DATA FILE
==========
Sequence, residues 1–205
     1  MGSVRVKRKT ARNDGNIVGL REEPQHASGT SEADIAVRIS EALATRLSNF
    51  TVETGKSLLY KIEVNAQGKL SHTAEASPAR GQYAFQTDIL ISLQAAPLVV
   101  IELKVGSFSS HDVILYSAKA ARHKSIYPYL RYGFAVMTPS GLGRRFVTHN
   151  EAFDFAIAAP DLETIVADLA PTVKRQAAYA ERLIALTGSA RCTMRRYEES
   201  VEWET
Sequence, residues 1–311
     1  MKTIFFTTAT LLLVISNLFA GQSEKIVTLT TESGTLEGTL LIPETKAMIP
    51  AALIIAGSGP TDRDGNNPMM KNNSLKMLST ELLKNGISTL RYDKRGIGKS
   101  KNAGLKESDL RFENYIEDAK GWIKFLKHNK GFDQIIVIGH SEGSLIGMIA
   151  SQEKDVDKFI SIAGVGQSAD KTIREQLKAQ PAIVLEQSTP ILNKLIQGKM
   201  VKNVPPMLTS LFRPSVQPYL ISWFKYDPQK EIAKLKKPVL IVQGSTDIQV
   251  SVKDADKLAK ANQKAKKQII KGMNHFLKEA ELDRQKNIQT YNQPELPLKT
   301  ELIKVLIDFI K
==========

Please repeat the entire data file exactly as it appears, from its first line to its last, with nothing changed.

Sequence, residues 1–205
     1  MGSVRVKRKT ARNDGNIVGL REEPQHASGT SEADIAVRIS EALATRLSNF
    51  TVETGKSLLY KIEVNAQGKL SHTAEASPAR GQYAFQTDIL ISLQAAPLVV
   101  IELKVGSFSS HDVILYSAKA ARHKSIYPYL RYGFAVMTPS GLGRRFVTHN
   151  EAFDFAIAAP DLETIVADLA PTVKRQAAYA ERLIALTGSA RCTMRRYEES
   201  VEWET
Sequence, residues 1–311
     1  MKTIFFTTAT LLLVISNLFA GQSEKIVTLT TESGTLEGTL LIPETKAMIP
    51  AALIIAGSGP TDRDGNNPMM KNNSLKMLST ELLKNGISTL RYDKRGIGKS
   101  KNAGLKESDL RFENYIEDAK GWIKFLKHNK GFDQIIVIGH SEGSLIGMIA
   151  SQEKDVDKFI SIAGVGQSAD KTIREQLKAQ PAIVLEQSTP ILNKLIQGKM
   201  VKNVPPMLTS LFRPSVQPYL ISWFKYDPQK EIAKLKKPVL IVQGSTDIQV
   251  SVKDADKLAK ANQKAKKQII KGMNHFLKEA ELDRQKNIQT YNQPELPLKT
   301  ELIKVLIDFI K